October 19, 2021
A video CV offers a much-needed update to the current CV format. Instead of listing your work and education history across two pages of A4 paper, applicants can share their passion for their work in video format.
Employers love it because they get a feel for the applicants before inviting them for an interview. And applicants love it because they can allow their personality and passion to shine through.
Before getting started creating your video CV, it’s essential to plan out your script. A script will help to ensure you hit all of the essential points and leave nothing out. It will also help you to avoid waffling or going off-topic.
Writing a script for your video CV doesn’t have to be complicated. We’ll run through a few different tips for crafting the ideal script for your video CV in this guide.
You don’t have to reinvent the wheel. You can still use your CV as the basis for your script. Your CV might offer the ideal structure for your video. Make sure you include the following points in your video script:
When writing a professional CV or cover letter, you might bring out some fancy language that you wouldn’t typically use in everyday life. But when it comes to writing a script for your CV, you need to write how you speak or risk sounding very unnatural.
You should also aim to be genuine in your delivery. If your words don’t match your behaviour, this will be jarring for the viewer. For example, if you claim to be a confident communicator, but your delivery says otherwise, this might raise doubts for the hiring manager.
Hiring managers love video CVs as it is far more difficult to lie or stretch the truth. If you can’t talk confidently about a topic, this will be evident in your delivery.
Like any other job application, you have to tailor your CV and cover letter to the role. Do your research on the company to find out what they do and what they are proud of. You’ll also get a feel for the company culture. If they are very formal, you want your video CV to match their style. Your video CV should be an opportunity for the hiring manager to picture you in the role.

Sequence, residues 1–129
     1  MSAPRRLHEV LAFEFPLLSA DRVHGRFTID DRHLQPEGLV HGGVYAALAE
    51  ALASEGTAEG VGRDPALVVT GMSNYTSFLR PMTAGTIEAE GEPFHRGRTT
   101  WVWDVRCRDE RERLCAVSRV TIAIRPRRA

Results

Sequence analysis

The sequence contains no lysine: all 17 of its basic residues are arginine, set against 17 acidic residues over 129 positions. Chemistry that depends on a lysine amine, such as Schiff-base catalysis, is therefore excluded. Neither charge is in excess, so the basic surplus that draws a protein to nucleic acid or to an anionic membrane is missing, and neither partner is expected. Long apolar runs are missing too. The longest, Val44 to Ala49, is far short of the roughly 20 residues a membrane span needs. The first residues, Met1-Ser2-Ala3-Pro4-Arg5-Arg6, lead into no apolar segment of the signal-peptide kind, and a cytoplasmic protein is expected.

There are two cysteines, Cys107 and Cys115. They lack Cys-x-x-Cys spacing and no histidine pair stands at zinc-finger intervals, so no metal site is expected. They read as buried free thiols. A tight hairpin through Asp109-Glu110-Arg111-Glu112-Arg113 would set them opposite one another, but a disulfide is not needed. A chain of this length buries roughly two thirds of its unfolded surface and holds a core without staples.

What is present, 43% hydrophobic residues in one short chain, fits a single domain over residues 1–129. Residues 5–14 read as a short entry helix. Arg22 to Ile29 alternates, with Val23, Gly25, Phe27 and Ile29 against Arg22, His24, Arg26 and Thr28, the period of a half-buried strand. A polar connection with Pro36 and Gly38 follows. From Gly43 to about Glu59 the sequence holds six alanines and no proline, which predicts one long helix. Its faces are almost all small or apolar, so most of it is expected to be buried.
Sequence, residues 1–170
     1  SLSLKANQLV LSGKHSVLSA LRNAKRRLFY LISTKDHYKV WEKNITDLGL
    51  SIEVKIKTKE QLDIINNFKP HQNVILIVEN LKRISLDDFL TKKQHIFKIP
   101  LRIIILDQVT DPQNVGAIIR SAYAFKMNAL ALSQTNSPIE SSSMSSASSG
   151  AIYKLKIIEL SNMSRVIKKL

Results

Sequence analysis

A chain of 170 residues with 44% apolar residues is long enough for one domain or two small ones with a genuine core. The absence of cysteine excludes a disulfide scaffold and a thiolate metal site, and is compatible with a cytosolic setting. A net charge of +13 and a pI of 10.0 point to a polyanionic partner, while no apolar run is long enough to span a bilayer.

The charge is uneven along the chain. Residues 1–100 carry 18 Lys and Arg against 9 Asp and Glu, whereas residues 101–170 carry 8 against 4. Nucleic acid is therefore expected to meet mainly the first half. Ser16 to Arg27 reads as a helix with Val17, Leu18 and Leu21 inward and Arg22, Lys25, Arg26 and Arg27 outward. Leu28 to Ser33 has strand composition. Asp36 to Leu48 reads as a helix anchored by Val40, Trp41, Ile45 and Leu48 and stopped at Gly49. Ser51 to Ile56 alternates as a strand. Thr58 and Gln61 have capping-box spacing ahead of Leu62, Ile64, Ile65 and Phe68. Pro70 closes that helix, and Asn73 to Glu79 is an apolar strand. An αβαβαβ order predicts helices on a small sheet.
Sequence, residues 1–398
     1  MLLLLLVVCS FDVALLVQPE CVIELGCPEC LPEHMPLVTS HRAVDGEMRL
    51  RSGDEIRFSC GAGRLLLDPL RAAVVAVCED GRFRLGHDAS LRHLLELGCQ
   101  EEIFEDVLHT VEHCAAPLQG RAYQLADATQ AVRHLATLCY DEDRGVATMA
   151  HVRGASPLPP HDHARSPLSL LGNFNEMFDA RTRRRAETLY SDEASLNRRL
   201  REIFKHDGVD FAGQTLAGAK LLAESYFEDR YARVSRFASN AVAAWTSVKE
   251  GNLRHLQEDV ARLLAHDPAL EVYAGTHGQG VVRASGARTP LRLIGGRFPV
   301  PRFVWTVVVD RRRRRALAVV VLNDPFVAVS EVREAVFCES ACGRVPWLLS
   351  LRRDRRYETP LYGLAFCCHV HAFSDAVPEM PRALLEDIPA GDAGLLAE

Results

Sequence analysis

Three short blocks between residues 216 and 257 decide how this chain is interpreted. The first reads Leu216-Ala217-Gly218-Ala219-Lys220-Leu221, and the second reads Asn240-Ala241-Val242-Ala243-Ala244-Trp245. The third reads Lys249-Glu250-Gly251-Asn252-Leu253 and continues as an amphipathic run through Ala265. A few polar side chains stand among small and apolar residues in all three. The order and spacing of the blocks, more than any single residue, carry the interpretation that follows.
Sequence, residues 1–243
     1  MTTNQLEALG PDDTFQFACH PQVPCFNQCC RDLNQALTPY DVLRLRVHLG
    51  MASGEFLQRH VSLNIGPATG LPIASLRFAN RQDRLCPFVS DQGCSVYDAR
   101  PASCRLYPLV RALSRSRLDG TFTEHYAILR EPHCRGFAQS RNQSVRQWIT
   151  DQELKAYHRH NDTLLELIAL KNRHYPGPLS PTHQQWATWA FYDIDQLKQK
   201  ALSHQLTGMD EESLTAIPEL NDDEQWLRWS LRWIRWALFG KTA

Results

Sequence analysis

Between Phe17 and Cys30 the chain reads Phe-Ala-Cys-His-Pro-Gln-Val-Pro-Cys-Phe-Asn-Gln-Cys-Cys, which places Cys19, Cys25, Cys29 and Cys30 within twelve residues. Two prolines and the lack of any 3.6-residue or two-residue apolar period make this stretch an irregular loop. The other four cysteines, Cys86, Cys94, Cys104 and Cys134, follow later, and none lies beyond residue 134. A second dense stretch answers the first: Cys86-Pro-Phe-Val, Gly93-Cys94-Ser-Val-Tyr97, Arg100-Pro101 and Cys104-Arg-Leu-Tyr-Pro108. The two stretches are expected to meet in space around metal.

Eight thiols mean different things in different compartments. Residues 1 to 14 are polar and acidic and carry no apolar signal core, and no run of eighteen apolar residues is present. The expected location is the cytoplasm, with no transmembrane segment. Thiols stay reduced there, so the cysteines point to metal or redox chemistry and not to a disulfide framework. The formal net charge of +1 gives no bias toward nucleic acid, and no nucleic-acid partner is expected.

Your video CV should last between 30 seconds and two minutes. A recruiter doesn’t want to watch the feature film of your life story, so try to keep things concise. Focus on sharing the information that is more relevant to the job role.
For example, try: “I graduated in 2008 from the University of Manchester with a 2:1 in Engineering.”
Your most recent qualification is the most relevant, so don’t feel the need to rattle off your A-Levels and GCSE grades.
The same goes for your work history. If you’ve worked for multiple companies or had many different job titles, you can summarise your experience and then focus on the most recent role.
For example, you could say, “For the past 8 years I’ve been working in various roles for the same engineering firm, working my way from an entry-level junior role up to a senior project manager.”
Recruiters are often looking for a culture fit as much as they are looking for skills and experience, so don’t be afraid to show your personality. This could include mentioning hobbies outside of work, the favourite part of your job, or a personal story about why you are pursuing a particular career path.
Once you’ve completed your script, quickly record a run-through to get an idea of the length of your speech. You can then ask for feedback on the script from a close friend or family member. Finally, refine your final script until you land on something that fits the time frame while still hitting all of your major points. Feedback on your delivery will also help you avoid any nervous body language, such as playing with your hair or glasses.
When filming your video CV, you need to be able to speak directly into the camera, so you can’t keep glancing down at your notes. Practice, practice and practice your script until you can say it with confidence. Don’t worry about the occasional cut; you can always neaten up the delivery and add transitions when editing your video.
When creating a video CV, it’s worth making one just for LinkedIn and then another one that is specific to the role you are applying for.Back to Blog